Home iOS & Swift Books iOS App Distribution & Best Practices

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Introduction Written by Pietro Rea & Keegan Rush

Before the App Store, distributing software was much harder than it is today. There was a time when developers had to put copies of their apps on floppy disks or CDs and literally “ship” them to the stores.

The App Store introduced the next chapter in software distribution. Developers didn’t need to worry about hosting, collecting payment or fulfilling orders anymore. Apple ensures that all App Store visitors have a valid payment method on file, eliminating most of the friction from buying apps. Developers can now focus on building great apps and leave the rest to Apple and the App Store.

This book isn’t meant to be an all-encompassing App Store distribution manual. It also isn’t a replacement for Apple’s official documentation. Apple changes its platform every year and many of these changes affect app distribution. The App Store Review Guidelines, the set of rules governing what third-party developers can and can’t do, is also a living document that changes frequently.

The purpose of this book is to cover the fundamentals thoroughly so you can build the mental models you need to internalize the hardest parts of App Store distribution. These mental models will help you for years to come.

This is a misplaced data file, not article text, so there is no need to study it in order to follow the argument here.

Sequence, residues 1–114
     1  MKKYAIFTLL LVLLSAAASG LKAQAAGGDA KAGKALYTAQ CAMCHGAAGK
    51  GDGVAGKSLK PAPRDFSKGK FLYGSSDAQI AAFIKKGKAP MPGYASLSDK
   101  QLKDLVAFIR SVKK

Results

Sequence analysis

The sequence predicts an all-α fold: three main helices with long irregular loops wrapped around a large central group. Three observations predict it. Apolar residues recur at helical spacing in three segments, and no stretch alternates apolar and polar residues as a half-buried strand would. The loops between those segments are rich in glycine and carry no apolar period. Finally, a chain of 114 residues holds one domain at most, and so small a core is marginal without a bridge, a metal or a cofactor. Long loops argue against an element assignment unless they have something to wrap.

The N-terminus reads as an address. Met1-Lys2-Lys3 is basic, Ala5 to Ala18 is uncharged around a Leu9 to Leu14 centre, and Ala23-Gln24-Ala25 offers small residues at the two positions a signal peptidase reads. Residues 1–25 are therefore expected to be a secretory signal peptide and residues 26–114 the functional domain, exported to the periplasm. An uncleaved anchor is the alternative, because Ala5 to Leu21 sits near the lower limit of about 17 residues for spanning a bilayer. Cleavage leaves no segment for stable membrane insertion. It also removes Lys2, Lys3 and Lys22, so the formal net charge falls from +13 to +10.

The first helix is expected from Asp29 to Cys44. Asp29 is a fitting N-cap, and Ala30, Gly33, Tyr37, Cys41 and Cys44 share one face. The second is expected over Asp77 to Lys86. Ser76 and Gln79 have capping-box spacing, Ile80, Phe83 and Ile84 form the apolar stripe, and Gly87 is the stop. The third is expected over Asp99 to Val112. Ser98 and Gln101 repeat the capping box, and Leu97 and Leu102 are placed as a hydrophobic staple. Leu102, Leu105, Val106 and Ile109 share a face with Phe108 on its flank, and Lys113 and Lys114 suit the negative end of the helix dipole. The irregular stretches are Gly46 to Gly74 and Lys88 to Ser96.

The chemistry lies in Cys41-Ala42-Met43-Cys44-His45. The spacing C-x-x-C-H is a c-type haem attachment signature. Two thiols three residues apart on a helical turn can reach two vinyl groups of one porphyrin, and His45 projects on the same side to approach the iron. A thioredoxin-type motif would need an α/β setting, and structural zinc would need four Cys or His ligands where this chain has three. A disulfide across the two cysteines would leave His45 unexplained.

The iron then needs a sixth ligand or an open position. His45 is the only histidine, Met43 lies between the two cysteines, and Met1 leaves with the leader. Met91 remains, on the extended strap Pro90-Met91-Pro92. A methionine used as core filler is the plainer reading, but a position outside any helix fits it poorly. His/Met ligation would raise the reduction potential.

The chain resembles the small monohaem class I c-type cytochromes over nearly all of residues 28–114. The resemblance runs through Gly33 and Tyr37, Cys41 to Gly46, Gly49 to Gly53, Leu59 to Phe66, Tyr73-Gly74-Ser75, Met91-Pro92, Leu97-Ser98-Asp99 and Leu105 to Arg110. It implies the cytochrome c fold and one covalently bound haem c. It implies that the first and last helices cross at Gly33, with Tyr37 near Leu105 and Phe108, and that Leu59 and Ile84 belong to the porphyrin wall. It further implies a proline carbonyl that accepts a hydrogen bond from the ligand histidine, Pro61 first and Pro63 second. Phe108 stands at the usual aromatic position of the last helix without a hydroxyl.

The book also covers best practices and automation. There is no definitive list of app distribution best practices, but over the last decade, teams have converged on similar practices that you’ll read about in this book.

How to read this book

If you’ve never published an app to the App Store, it may seem like there is an endless list of things you need to do before users can download your app. In this case, you want to start with Chapter 1, “The App Store” and work your way through the first three chapters to learn about the basic concepts related to the App Store and the process of uploading your first app to the App Store.

If you have some experience with App Store release and want to gain more in-depth knowledge about the release process, Chapter 4, “Code Signing & Provisioning” through Chapter 8, “App Approved! (Now What?)” walk you through different phases of app distribution, using the Xcode environment and performing the related tasks via Apple Developer Portal.

Taking things one step further, Chapter 9, “Build Customizations” through Chapter 11, “Managing Secrets” teach you the intricacy of the Xcode build system, such as targets, schemes and build settings, and how you can configure them to create the ideal release pipeline.

The remainder of the book takes you out of Xcode and walks you through the automation process, starting with xcodebuild on the command line and, later, using fastlane on a continuous integration server.

Feel free to skip around between chapters. Wherever you need prior knowledge, you’ll find cross references to related chapters to help.

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